Posts Tagged ‘ CSS

(Deutsch) LESS mit Fluid-Templates verwenden in Typo3 4.5

TIP: To use LESS optimal fluid with TYPO3 templates, I recommend using the Fluid-Template-Manager (short FTM).

Code-Snippet: Cross-Browser CSS3 Box-Shadow

How to create a cross-browser CSS3 Box-Shadow.
Use -moz for Mozilla, -webkit for Chrome and Safari and -o for Opera:

.box-shadow {
  -moz-box-shadow: 10px 10px 10px #000; /* Firefox */
  -webkit-box-shadow: 10px 10px 10px #000; /* Safari, Chrome */
  -o-box-shadow: 10px 10px 10px #000; /* Opera */
  box-shadow: 10px 10px 10px #000; /* CSS3 */

How to integrate Dojo Toolkit with TypoScript into Typo3

If you need the Dojo Toolkit within Typo3, you only need the following few lines TypoScript:

page.includeJS {

  # Dojo Configuraton
  file1 = fileadmin/templates/javascript/djConfig.js
  # Dojo-Libraries
  file3 =
  file3.external = 1
  file3.type = text/javascript

In this case i’ve the Dojo configuration within a separate JavaScript file:

var djConfig = {
  parseOnLoad: true,
  locale: 'de'

But attention, as you know the configuration must be included before the Dojo-Library. Therefore the ‘file’-variable have a lower number.. 😉

In the next step we need to integrate all required CSS:

page.includeCSS {
  file2 =
  file2.external = 1 = all

Attention: The included CSS must be external=1 and media=all!

Finally we have to include the Dojo-Theme class ‘nihilo’ into the Body-Tag. This can be done with the next TypoScript:

page.bodyTagCObject = HTML
page.bodyTagCObject.value = <body class="nihilo">

And that’s it.. Now you should be able to use Dojo within your Typo3 site. 🙂

The walking man from Andrew Hoyer – Using only CSS3 & HTML5

That’s hot! 🙂

The walking man (Andrew Hoyer) at this Page: , is implemented using only CSS3 animations and simple HTML. You can read more about how it was implemented here. Be sure to view this experiment on an iPhone, iPod or iPad (or android device). 😉

Integrate free Web-Fonts by using Google Web Fonts

The distribution of usage of web fonts is gradually increasing on many websites. A long time, many designers and web developers have waived them, because of lack of browser-support and problems with the copyrights of many fonts, and used instead for example headlines as an image within their website.

Important points while using Web Fonts are therefore that it must be free fonts (for example under Open Font License) and chosen if possible, a format that does many or even all browsers understand.

We now want to integrate with the help of Google Web Fonts a free font in a website.
First we open the Google Web Fonts website and select any font. Have we decided on a font, we click the bottom right on ‘Use’.

Here we simply go to the steps that are pretending Google Web fonts:
1. Select the styles you want to use
2. Select the character set that should be used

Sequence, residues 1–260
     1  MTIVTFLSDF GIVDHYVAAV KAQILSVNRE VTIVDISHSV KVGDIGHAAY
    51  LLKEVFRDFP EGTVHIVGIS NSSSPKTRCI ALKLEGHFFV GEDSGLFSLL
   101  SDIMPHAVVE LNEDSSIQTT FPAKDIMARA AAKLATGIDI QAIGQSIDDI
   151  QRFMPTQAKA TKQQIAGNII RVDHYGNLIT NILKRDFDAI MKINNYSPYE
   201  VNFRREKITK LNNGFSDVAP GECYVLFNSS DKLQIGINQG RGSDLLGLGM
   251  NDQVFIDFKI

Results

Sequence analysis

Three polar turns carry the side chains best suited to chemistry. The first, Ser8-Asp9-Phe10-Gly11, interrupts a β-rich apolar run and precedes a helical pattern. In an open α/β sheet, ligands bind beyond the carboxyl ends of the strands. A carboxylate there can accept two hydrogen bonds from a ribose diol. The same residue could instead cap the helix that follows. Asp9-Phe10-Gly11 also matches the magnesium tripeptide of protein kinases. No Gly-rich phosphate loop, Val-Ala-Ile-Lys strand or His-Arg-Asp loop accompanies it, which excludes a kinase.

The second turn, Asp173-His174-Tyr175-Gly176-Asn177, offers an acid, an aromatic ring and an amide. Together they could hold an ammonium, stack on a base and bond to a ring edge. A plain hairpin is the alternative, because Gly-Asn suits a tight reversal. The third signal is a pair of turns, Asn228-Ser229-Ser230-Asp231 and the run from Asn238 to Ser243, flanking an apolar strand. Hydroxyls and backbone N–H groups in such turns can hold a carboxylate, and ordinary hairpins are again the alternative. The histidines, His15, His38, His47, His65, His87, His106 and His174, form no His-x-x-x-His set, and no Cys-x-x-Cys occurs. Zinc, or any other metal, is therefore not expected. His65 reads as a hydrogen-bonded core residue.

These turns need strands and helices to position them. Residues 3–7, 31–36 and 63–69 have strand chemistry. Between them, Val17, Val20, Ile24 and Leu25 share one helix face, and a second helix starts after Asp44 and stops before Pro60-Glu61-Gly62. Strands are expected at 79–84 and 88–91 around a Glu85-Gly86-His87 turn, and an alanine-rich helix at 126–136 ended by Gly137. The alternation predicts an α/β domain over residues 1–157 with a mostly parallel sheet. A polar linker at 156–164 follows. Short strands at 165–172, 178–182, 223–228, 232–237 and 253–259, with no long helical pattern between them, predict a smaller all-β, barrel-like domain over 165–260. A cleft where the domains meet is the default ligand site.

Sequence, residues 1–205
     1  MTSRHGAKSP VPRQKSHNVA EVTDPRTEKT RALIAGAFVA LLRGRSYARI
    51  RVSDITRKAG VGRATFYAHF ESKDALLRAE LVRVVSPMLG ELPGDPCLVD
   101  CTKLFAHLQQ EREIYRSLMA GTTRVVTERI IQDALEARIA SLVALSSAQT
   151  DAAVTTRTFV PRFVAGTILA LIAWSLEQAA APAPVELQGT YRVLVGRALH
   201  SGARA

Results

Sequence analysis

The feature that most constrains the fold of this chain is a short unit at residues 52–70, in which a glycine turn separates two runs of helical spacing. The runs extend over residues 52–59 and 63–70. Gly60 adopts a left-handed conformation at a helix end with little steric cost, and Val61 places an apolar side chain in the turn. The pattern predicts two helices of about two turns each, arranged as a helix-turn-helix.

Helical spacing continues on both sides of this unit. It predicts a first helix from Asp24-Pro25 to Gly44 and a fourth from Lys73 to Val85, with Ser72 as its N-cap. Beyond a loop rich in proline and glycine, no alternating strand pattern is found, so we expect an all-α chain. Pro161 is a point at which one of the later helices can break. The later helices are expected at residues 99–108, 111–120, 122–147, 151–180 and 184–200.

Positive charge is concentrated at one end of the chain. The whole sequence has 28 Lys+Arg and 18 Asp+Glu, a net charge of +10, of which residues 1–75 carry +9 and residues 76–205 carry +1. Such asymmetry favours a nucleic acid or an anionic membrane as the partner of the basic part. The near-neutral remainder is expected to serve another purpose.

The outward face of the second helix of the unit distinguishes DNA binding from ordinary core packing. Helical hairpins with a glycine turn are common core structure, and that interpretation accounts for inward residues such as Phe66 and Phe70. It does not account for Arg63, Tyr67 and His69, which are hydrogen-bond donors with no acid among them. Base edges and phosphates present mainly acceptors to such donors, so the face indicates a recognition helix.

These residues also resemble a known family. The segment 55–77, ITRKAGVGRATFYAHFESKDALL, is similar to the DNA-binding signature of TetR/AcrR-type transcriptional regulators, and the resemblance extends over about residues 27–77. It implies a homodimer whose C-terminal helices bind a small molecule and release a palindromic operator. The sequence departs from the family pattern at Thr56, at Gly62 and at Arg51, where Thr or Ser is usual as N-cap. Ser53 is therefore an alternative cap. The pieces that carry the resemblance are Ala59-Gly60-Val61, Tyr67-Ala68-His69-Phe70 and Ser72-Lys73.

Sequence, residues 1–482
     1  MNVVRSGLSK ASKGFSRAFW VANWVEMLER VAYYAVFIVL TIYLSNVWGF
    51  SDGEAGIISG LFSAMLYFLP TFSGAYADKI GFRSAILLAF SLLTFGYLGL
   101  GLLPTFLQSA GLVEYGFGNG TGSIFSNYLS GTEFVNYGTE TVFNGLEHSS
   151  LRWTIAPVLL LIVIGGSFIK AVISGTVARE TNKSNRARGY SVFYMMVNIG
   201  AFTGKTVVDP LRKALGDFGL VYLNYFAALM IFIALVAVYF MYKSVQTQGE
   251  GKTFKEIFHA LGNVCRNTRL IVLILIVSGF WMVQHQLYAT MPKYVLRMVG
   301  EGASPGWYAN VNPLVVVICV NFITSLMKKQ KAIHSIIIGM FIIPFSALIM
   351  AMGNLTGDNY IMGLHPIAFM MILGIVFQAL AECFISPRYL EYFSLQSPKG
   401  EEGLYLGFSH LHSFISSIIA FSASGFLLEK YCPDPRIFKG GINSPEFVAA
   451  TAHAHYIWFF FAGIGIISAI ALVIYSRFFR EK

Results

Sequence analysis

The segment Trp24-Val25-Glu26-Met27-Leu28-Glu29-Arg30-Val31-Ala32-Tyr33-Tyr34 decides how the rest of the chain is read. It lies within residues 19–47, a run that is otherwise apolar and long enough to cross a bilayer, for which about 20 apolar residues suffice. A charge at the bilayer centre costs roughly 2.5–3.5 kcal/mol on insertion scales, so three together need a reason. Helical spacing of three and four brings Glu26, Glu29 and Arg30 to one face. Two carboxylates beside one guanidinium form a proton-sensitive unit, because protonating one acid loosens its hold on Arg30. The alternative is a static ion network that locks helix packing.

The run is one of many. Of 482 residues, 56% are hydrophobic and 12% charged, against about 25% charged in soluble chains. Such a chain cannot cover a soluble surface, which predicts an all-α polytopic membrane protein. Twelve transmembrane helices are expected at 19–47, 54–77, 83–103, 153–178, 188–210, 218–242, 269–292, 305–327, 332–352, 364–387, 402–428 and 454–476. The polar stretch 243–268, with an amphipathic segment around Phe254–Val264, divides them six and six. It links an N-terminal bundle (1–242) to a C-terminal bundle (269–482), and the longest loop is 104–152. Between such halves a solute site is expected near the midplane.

3. Add the given code in the header of the website. Alternatively you can also download the fonts above the left and place it on your own webspace.

<link href=',400italic,700,700italic' rel='stylesheet' type='text/css'>

4. At last just include the font in necessary places in the CSS.

.webFont {
  font-family: 'Marvel',Arial,Helvetica,sans-serif;


Attention: With too many fonts can slow down its website. Choose therefore better only the fonts that are actually in need of website. So check on the Page Load speedometer 😉
Unfortunately the Internet-Explorer only supports the TTF format from version 9. Older versions of Internet Explorer only understand their own format Embedded OpenType, short EOT. However there is a new standard that should solving this problem. The Web Open Font Format, short WOFF. So far it is only supported by the latest browser versions. Therefore you must include all three formats of Web-Fonts, to make sure that every visitor can see the right fonts on your website

  IE Firefox Chrome Safari Opera
TTF 9 3.5 4 3.1 10
WOFF 9 3.6 5 5.1 11.1

An online tool that allows you to convert TTF to Web-Fonts (EOT, OTF, SVG, WOFF) is available at
After the we now converted all three Web-Font formats, it’s time to integrate these into the system. This one solves the following CSS:

@font-face {
  font-family: 'Marvel';
  src: url('fonts/Marvel.eot#iefix') format('embedded-opentype'),
       url('fonts/Marvel.woff') format('woff'),
       url('fonts/Marvel.ttf') format('truetype');
  font-style: normal;
  font-weight: normal;

Include CSS files by using page.includeCSS under TypoScript

TIP: For an easier work with CSS by using LESS in your TYPO3 Fluid-Templates, I recommend using the Fluid-Template-Manager (short FTM).

The including of CSS-Files by using TYPOScript is very easy. Just assign the files with the page.includeCSS, like:

page.includeCSS { 
  file1 = fileadmin/templates/css/style.css 
  file1.title = Default CSS = screen
  file2 = fileadmin/templates/css/print.css 
  file2.title = Print CSS = print

Insert Google Analytics JavaScript direct within TypoScript

TIP: For an easy integration of Google-Analyticy in each of your TYPO3 Fluid-Template, I recommend using the Fluid-Template-Manager (short FTM).

In order to integrate CSS or JavaScript into your TYPOScript, as an example the usage of a Google Analytics JavaScript-Snippet, use the following code:

page {
  headerData {
    1 = TEXT
    1.value (
<script type="text/javascript">

  var _gaq = _gaq || [];
  _gaq.push(['_setAccount', 'UA-XXXXX-Y']);

  (function() {
    var ga = document.createElement('script'); ga.type = 'text/javascript'; ga.async = true;
    ga.src = ('https:' == document.location.protocol ? 'https://ssl' : 'http://www') + '';
    var s = document.getElementsByTagName('script')[0]; s.parentNode.insertBefore(ga, s);
}) ();